2009 brought financial turmoil for a lot of people. As many industries found themselves experiencing record low sales, retailers online in the United States experienced a 3% increase from 2008, in the last quarter of the year. Online retailers in 2008 completed $38 billion in sales, but according to a study completed by comScore, a marketing research company that focuses on online sales, in 2009, online retailers were able to complete transactions that added up to $39 billion in the fourth quarter of the year.
2009 ended with a bang by delivering increased sales, even though overall sales for the year was slightly lower than they were the previous year. 2008 accumulated $130.1 billion and in 2009, online sales only reached $129.8 billion despite a recession. Big names in online retail, like Amazon.com and Walmart, tried to influence sales by offering customers special discounted pricing and free shipping. This was most effective in the holiday season, when 40% of the quarter’s sales were completed. These tactics made it possible to increase the amount of buyers online, but the overall value of the purchases online shoppers completed declined.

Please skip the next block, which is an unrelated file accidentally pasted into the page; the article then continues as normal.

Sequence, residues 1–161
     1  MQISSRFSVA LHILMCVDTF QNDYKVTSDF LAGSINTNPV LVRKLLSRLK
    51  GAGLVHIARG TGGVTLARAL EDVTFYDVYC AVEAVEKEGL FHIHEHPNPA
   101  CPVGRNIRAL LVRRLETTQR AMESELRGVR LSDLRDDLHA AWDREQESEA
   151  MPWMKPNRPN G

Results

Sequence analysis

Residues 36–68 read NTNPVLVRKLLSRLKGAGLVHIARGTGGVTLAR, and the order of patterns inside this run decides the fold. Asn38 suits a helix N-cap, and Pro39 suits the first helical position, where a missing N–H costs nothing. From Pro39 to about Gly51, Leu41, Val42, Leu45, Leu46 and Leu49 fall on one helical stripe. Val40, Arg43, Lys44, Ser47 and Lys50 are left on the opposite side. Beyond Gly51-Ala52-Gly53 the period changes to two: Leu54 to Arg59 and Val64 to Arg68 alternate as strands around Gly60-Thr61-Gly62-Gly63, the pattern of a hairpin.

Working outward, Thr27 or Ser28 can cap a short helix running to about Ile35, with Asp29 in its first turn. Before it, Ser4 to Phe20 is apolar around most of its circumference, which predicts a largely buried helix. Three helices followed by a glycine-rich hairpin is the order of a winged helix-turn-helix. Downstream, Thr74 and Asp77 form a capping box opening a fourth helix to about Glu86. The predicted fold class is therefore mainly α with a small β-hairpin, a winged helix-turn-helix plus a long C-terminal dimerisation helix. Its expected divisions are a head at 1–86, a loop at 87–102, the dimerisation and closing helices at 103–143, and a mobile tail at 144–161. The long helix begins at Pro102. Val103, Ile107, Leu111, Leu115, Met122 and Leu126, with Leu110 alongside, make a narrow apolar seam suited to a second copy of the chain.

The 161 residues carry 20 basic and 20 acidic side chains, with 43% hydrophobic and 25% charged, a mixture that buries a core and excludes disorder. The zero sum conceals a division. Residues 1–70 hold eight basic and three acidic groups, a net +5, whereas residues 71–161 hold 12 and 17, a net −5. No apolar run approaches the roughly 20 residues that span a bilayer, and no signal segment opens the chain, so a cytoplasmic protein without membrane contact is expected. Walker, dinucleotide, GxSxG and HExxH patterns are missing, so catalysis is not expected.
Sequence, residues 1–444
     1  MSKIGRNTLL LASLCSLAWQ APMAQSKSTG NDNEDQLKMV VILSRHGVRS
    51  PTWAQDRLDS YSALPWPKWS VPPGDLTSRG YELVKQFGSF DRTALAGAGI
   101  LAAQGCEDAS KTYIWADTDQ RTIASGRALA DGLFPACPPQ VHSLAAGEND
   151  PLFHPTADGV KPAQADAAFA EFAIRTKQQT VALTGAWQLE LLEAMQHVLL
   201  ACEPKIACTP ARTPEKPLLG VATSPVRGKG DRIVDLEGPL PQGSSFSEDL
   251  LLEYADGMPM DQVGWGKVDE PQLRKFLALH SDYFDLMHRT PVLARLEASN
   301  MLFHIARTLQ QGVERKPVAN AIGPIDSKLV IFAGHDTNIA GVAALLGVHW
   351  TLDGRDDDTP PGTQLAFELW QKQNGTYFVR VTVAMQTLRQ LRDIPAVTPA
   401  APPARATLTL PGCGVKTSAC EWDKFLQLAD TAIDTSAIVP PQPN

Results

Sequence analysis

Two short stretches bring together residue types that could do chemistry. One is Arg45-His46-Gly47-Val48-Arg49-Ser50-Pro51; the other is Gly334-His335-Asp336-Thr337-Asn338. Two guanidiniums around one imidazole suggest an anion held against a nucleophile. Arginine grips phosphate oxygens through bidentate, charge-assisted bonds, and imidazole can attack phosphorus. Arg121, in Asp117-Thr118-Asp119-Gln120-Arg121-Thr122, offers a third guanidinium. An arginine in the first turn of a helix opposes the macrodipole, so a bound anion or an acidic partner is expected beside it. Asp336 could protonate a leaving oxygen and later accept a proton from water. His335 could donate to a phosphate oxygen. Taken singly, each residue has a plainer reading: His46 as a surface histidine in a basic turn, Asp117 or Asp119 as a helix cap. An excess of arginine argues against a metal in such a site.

2010 isn’t expected to be a record breaking year for online sales. The unemployment rate in the United States is still staggeringly high and people are being very conscientious about budgeting their money, which means they are eliminating frivolous spending on online shopping sprees. Consumers are being careful with their money because our country’s financial situation is unstable. Our economy still needs to be drastically repaired before people have the money to shop online. With the ability to easily find deals online and the ease of being able to compare pricing between merchants, online shopping is expected to do as well as any other means of transactions, but it is highly unlikely that it will match the numbers that it generated in 2008 and 2009.